Lexical Investigations: Desiderata

'Wish list' written on a spiral padDesiderata is a plural noun, with the singular form desideratum, meaning “things wanted or needed.”

For many, the word desiderata most often evokes a famous poem by Max Ehrmann, written in 1927 and often referred to simply as Desiderata, without attribution or quotation marks. The poem begins with the oft-quoted lines, “Go placidly amid the noise and the haste, / and remember what peace there may be in silence.”

Though the poem has achieved a mythic quality and a near-spiritual significance for some, it wasn’t well known until the 1970s when it was made into hugely popular posters and sound recordings. Even Leonard Nimoy of Star Trek fame included a spoken-word rendition of Desiderata on his 1968 album Two Sides of Leonard Nimoy in the track “Spock Thoughts.” Listen to “Spock Thoughts” here.

Desiderata can be traced back to the 19th century, when it became fashionable for English-speakers to use little-known Latin words in place of shorter, more common Anglo-Saxon terms. Latin words were thought to be more elegant and more precise than their English counterparts, and the users of these words no doubt hoped to be seen as more intellectual and sophisticated. Desiderata gained popularity in the early 1800s as part of this trend, which had many critics. In 1864, Henry Alford wrote that English “is undergoing a sad and rapid process of deterioration. Its fine manly Saxon is getting diluted into long Latin words not carrying half the meaning.” Many, like Alford, considered Latinate words pretentious, and advocated for what they considered a purer form of English.

Spanish and French also absorbed desiderata from Latin, and the word continues to have the same meaning in both languages today.

Some writers misuse desiderata as a singular noun. The correct singular form is desideratum.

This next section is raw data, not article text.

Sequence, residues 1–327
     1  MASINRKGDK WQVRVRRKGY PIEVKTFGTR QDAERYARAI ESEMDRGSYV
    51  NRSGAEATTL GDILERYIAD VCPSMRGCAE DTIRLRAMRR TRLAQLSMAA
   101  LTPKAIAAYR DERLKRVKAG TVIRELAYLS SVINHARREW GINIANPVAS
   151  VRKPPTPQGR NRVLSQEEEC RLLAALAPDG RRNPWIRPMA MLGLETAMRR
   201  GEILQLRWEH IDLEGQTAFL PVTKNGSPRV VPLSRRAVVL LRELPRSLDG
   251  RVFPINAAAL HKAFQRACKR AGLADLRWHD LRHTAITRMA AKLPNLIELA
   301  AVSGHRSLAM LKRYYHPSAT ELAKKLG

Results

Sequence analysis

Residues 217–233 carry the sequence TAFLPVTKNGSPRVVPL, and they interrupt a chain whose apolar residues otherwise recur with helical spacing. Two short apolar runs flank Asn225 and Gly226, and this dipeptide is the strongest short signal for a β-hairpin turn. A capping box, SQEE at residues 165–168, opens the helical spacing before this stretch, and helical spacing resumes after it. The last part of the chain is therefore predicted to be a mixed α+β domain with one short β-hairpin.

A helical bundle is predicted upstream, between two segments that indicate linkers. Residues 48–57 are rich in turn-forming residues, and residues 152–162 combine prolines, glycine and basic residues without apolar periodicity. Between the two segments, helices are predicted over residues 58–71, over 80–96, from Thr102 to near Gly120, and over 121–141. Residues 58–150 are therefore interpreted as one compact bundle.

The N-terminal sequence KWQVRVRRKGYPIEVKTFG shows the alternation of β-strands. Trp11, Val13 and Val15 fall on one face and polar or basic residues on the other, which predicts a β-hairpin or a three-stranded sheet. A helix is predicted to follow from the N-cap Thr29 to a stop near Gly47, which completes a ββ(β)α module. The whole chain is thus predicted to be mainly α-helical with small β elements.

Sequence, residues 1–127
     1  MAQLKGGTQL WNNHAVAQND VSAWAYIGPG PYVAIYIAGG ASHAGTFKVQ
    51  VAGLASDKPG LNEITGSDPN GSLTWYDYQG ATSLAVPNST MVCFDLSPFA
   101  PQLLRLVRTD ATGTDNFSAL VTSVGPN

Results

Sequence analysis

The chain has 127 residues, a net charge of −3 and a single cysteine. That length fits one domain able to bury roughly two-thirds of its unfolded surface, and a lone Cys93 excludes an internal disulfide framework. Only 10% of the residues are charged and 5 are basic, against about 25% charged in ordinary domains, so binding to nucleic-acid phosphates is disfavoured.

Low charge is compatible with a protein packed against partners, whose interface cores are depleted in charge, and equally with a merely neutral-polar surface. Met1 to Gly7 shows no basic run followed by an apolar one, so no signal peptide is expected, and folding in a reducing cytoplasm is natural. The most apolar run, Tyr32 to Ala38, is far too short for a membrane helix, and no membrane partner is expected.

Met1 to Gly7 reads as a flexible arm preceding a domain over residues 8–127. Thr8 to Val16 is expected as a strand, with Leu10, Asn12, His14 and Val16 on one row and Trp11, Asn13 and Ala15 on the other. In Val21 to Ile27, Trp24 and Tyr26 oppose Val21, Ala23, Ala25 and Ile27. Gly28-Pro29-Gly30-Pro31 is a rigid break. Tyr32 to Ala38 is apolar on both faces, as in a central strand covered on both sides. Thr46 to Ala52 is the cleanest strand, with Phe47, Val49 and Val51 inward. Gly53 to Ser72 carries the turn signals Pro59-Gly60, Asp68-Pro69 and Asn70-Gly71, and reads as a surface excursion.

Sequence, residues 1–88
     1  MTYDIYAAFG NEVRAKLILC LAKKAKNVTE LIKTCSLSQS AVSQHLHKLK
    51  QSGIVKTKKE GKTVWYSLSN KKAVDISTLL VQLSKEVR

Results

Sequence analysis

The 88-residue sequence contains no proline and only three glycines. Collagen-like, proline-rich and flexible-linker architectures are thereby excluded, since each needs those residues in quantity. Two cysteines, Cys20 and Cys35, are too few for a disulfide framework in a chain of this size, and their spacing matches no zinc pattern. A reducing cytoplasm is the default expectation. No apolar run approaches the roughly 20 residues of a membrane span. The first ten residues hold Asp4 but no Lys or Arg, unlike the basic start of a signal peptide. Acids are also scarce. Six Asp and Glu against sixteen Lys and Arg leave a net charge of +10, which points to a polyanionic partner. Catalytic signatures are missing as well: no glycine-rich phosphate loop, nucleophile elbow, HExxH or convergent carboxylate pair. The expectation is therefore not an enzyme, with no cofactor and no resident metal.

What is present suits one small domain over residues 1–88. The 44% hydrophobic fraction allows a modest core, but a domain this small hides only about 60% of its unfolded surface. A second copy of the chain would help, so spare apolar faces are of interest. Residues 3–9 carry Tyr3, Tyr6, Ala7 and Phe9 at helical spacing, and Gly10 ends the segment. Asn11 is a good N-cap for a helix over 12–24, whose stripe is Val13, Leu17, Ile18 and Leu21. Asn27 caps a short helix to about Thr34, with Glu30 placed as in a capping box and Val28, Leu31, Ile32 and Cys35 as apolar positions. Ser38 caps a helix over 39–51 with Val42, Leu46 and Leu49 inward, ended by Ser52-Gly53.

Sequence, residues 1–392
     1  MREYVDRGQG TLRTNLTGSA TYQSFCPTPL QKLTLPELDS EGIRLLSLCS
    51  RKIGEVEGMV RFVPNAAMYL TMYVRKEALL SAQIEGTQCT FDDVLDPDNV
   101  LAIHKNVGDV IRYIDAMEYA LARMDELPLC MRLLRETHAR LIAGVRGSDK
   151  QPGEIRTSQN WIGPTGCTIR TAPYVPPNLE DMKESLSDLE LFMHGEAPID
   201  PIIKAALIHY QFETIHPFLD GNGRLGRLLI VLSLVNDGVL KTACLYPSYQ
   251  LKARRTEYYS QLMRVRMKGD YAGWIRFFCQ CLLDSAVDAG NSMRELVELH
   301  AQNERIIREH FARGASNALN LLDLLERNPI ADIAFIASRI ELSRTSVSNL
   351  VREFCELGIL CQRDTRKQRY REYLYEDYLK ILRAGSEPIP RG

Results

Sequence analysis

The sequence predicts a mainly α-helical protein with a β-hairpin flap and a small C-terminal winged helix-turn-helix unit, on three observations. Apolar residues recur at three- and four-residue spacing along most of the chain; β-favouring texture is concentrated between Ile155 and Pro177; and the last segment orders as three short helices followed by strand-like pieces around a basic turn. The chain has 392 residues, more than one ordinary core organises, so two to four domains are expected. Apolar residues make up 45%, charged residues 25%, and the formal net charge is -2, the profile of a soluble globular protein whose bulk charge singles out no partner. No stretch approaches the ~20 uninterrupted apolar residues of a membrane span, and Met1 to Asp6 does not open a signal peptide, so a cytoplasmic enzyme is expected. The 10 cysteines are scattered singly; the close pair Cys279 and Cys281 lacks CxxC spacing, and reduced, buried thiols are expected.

Popular References:

“Desiderata,” The Poems of Max Ehrmann, Max Ehrmann (1927). The text was largely unknown in the author’s lifetime. After its use in a devotional, it was turned into a hugely popular poster.

The Queen’s English: stray notes on speaking and spelling, by Henry Alford. A. Strahan, 1864.

Desiderata, Madder Mortem, CD (2006).

English in nineteenth-century England: an introduction, by Manfred Görlach, 1999.

Relevant Quotations:

“When you arrive at Savannah, I have many desiderata, as usual.”

—Henry Muhlenberg, Reliquiae Baldwinianae: selections from the correspondence of the late William Baldwin (1843)

“When posters of the poemDesiderata’ adorned dormitory walls in the 70s, an entire column was devoted to clearing up its clouded origins.”

—Reference and Adult Services Division of the American Library Association, RQ, Vol 25 (1986)

A motley combination of Anglo-Saxon, Latin, and Germanic dialects, the English language (more or less as we know it) coalesced between the 9th and 13th centuries. Since then, it has continued to import and borrow words and expressions from around the world, and the meanings have mutated. (Awesome and awful once meant nearly the same thing.) Some specimens in the English vocabulary have followed unusually circuitous routes to their place in the contemporary lexicon, and this series, Lexical Investigations, unpacks those words hiding in our midst.
Read our previous post in our on-going series Lexical Investigations about the ever-present word awkward.
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